> To: Zen_Forum@yahoogroups.com
> Subject: Re: [Zen] Practical Mysticism - Evelyn Underhill
> 
>  
> 
>   
> 
> Dear Mike
> 
> Good questions and good post. It is interesting that perhaps we have come to
> a little of the same conclusions, only I derived it from an impact of
> Japanese Soto and Rinzai Zen Buddhism in America and you are seeing the
> reality of culture and the inner life of Zen in Japan.
> 
> To a certain extent, I would have to say that while the Japanese intentions
> probably would automatically be implementing and apply the Zen (Tradition),
> I would not say this is entirely true. I will explain. But before I do,
> having said that, I would like to point out something derived from the
> Perennialist/Traditionalist School of Comparative Religion, which is a
> Philosophical and Metaphysical overview of Ancient Traditions perse -- that
> on an exoteric level, the outward manifestation of the Tradition, of course
> the Japanese would be closer to this reality, although the West could and
> should be doing this as well. So, I would say that Zen is in good hands with
> the Japanese under the onslaught of post modernist times and Secularism,
> which steam rolls everything in the name of progress. On the other hand,
> Zen, the esoteric, which is what is essential, the inner life, this no
> culture can place any claim to. It is the reality and the slipperiest of
> fish to obtain -- as the Sufis say, the kernal and the kernal.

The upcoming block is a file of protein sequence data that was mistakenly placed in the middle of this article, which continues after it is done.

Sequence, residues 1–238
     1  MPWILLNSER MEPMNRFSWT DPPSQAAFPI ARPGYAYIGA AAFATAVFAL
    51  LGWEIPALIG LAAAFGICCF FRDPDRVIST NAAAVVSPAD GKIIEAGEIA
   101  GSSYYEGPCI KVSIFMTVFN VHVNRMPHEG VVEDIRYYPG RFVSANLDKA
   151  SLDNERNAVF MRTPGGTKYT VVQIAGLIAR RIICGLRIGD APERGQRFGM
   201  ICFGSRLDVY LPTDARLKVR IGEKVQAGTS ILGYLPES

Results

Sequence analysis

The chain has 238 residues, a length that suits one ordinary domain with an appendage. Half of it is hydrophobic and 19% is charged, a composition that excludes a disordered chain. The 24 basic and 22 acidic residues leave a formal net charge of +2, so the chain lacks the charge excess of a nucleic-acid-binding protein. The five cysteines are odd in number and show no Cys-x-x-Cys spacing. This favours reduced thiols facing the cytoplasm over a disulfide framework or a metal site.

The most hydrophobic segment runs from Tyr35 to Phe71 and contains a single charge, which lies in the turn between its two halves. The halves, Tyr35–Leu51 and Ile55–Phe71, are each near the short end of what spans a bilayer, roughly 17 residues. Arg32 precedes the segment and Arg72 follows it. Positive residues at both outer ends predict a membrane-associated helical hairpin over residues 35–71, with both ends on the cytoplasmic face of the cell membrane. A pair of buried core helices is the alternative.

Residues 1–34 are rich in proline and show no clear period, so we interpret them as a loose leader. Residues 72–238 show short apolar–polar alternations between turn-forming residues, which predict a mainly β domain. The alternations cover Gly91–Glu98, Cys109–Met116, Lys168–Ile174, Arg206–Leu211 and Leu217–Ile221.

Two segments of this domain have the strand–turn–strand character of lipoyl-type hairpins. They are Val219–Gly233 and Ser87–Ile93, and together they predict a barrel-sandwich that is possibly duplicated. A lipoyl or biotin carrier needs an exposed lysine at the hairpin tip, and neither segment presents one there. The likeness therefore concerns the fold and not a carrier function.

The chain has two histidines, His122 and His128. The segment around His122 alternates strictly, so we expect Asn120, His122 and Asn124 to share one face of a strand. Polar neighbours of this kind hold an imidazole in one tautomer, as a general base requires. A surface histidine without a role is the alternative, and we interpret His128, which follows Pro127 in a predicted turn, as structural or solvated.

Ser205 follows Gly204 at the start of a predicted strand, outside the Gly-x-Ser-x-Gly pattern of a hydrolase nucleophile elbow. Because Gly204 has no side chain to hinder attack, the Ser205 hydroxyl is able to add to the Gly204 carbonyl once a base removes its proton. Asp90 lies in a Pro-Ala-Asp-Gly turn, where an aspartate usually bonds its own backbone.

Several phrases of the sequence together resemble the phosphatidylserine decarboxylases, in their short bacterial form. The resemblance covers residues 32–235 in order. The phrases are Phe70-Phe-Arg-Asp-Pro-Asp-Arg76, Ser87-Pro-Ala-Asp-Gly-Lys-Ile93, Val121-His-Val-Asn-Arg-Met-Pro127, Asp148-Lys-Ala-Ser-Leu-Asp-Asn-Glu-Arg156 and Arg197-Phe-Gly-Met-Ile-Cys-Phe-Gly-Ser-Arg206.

> 
> In the case of Americans or Westerner plundering the Tradition of Zen. I
> think that is two answers -- first, there are some who have kept up the
> Traditions of Soto and Rinzai very well, but expressing a natural sense of
> American Transcendentalism. We sort of have our own secrets and gnostics
> inherent in our experience. That is culture and the Tradition, like the
> differences between Chinese Chan and Japanese Zen. And then of course there
> has been those that have expressed an anything goes sort of Zen, or Zen and
> this and Zen and that. So, in short, I don't think Zen Buddhism is under
> anymore attack in America than Japan, at least on the esoteric level. 
> 
> I do think there is a possibility in both Japan and the West for any
> Tradition, whether that be Sufis or Zen, for it to continuously be under
> attack from Secularism and syncretism. This is post modern information age
> times. In some sense it is what is wrong at the heart of the Middle East . .
> . not only is Islam fighting the Secular West, but more importantly they are
> fighting themselves, in terms of post modern times. Technological and
> Western individualism and syncretism has made advances on their civilization
> (traditional culture)and they are having a sort of nighmarish reform that we
> are all witnessing. Trust me, it probably was not much fun in Europe for